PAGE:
The following is a guest post.
Mutual funds are a great vehicle for an individual investor. Using funds allows you to invest in a diversified portfolio of stocks, bonds or other investments. Every mutual fund has a stated investment objective. Itâ€™s critical that you understand the objective and pay attention to changes in the investment portfolio. It you donâ€™t, you may miss changes in your fundâ€™s performance.
Your fundâ€™s prospectus
The Securities and Exchange Commission (SEC) has oversight over the mutual fund industry. Funds are sold by prospectus. The prospectus discloses all of the critical information you need to know about your mutual fund. The fundâ€™s objective will be clearly stated in the prospectus. In fact, your mutual fund must follow a set of guidelines to state their objective.
Letâ€™s assume that youâ€™re a 30-year old investor. Youâ€™re willing to take some risk to earn a higher potential return on your investments. You have a long time until retirement, so you can make up for occasional losses by leaving your dollars invested for many years.
You decide to invest in stock mutual fund. You talk to a financial advisor and decide on American Fundâ€™s Washington Mutual Investorâ€™s Fund.
The fundâ€™s objective
Washington Mutualâ€™s website explains that the fund invests in â€œthe bluest of the blue chipsâ€. A blue ship stock is a large, well-established US company. These are company names you recognize: McDonaldâ€™s, IBM, Microsoft. Blue ship stocks have a long history of generating profits.
Youâ€™ll also notice that this fund can invest up to 10% of its assets in companies outside the US. This isnâ€™t unusual. Nearly all mutual funds have an objective that allows the money manager to invest in securities that are slightly different from the fundâ€™s primary objective.
Shifting from the primary objective
If your fund manager shifts away from the primary fund objective, the performance of your fund can be very different than what you expect.
Consider Washington Mutual. A portfolio with no investment in overseas stocks may perform differently than a fund with 10% in foreign stocks. Note that both scenarios fit within the investment objective.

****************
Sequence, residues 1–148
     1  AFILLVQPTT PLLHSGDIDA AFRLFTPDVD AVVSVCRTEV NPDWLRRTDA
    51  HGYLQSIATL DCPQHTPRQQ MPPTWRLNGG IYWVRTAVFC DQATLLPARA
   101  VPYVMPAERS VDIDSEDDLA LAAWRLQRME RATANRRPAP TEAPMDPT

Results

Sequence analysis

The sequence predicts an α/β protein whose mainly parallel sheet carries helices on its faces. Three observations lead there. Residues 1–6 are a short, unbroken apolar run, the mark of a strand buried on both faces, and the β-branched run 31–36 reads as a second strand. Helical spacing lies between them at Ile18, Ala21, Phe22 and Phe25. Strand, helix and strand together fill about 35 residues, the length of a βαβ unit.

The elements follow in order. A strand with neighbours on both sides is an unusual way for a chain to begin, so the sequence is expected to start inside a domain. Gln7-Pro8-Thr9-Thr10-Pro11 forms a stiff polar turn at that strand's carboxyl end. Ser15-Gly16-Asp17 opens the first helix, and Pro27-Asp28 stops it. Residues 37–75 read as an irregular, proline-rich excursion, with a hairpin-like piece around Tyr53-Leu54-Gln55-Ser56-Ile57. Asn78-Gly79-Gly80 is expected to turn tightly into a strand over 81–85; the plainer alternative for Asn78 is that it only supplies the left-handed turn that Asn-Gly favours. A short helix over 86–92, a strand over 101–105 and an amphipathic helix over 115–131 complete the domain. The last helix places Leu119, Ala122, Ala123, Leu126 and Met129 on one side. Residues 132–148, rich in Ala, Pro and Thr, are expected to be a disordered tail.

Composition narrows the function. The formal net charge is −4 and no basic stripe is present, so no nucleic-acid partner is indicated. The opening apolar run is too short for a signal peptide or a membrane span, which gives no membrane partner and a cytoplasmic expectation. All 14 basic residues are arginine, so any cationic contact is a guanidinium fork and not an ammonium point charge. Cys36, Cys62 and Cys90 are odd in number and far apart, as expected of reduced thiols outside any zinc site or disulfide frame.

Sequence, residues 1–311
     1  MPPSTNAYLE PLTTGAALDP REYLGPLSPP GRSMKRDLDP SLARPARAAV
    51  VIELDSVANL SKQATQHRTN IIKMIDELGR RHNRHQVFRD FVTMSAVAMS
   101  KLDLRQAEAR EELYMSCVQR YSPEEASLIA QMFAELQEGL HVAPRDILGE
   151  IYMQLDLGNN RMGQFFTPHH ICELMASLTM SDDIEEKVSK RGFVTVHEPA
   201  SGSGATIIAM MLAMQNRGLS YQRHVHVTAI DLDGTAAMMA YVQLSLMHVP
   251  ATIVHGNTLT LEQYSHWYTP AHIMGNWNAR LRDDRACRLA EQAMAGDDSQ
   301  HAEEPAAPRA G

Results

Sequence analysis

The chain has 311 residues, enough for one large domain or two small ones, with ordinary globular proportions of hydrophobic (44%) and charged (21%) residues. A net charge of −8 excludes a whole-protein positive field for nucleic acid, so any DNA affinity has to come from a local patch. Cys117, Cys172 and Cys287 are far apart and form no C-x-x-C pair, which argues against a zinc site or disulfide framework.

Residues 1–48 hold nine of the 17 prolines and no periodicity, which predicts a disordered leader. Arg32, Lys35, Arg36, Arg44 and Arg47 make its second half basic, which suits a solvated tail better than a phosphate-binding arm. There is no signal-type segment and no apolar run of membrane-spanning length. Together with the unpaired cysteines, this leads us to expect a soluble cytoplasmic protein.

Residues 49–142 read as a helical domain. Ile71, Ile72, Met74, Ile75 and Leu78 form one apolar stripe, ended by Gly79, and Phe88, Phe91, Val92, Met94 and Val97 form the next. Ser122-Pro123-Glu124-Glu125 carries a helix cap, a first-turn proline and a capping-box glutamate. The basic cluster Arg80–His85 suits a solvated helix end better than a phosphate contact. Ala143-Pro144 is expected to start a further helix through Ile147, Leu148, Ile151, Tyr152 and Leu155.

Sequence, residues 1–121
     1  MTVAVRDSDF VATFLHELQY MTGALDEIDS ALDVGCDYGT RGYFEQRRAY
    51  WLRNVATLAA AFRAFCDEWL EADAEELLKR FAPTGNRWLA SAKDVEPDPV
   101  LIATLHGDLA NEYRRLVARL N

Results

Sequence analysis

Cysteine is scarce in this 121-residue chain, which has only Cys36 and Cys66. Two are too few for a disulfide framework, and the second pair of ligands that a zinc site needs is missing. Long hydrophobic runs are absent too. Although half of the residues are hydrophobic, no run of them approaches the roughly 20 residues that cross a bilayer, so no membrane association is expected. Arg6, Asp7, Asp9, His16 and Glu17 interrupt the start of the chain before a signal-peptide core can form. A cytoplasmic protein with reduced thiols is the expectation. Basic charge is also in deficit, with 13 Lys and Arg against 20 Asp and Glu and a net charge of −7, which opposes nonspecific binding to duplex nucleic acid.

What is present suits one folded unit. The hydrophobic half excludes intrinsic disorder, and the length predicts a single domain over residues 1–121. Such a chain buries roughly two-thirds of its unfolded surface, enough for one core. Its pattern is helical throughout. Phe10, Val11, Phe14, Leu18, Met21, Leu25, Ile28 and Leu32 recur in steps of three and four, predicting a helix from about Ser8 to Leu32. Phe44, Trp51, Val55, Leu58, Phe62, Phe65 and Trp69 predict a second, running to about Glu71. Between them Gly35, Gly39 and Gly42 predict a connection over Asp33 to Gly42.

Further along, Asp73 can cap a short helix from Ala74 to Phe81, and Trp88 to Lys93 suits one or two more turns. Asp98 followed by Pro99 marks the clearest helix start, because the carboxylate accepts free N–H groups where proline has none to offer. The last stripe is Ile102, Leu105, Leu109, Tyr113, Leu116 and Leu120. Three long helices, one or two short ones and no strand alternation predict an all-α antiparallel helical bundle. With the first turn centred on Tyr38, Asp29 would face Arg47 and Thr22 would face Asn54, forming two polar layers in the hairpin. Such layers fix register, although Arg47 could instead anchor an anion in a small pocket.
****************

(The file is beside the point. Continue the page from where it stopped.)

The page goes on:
Why the shift is important
Historically, fund managers have periodically shifted their portfolios toward high performing investments. The manager is trying to increase the fundâ€™s rate of return. However, seeking a higher return can generate more risk.
In the late 1990s, for example, technology stocks were generating huge returns. Many blue chip fund managers shifted their stock ownership toward new, unproven companies in the tech industry.
During the early 2000s, many of the tech stocks fell sharply in price. Fund managers who added tech stocks to their portfolios also saw declines. Hereâ€™s the key point: the declines would have been less dramatic, if the fund manager had not shifted the portfolio toward tech stocks.
What you can do
Pay attention to your mutual fundâ€™s performance. Talk with your investment advisor. Ask them if your fund has shifted the portfolio away from the primary investing objective.
If you make most of your investing decisions on your own, check on your fundâ€™s performance each quarter. There are great independent research firms that track fund performance. Morningstar is a good example.
Mutual funds are a great way for an individual investor to build a portfolio. To get the investment performance that meets your goals, keep an eye on your fundâ€™s investment objective.
Ken Boyd is the author of four Dummies books on accounting, including Cost Accounting For Dummies. He blogs on accounting and personal finance topics at Accounting Accidentally.com.
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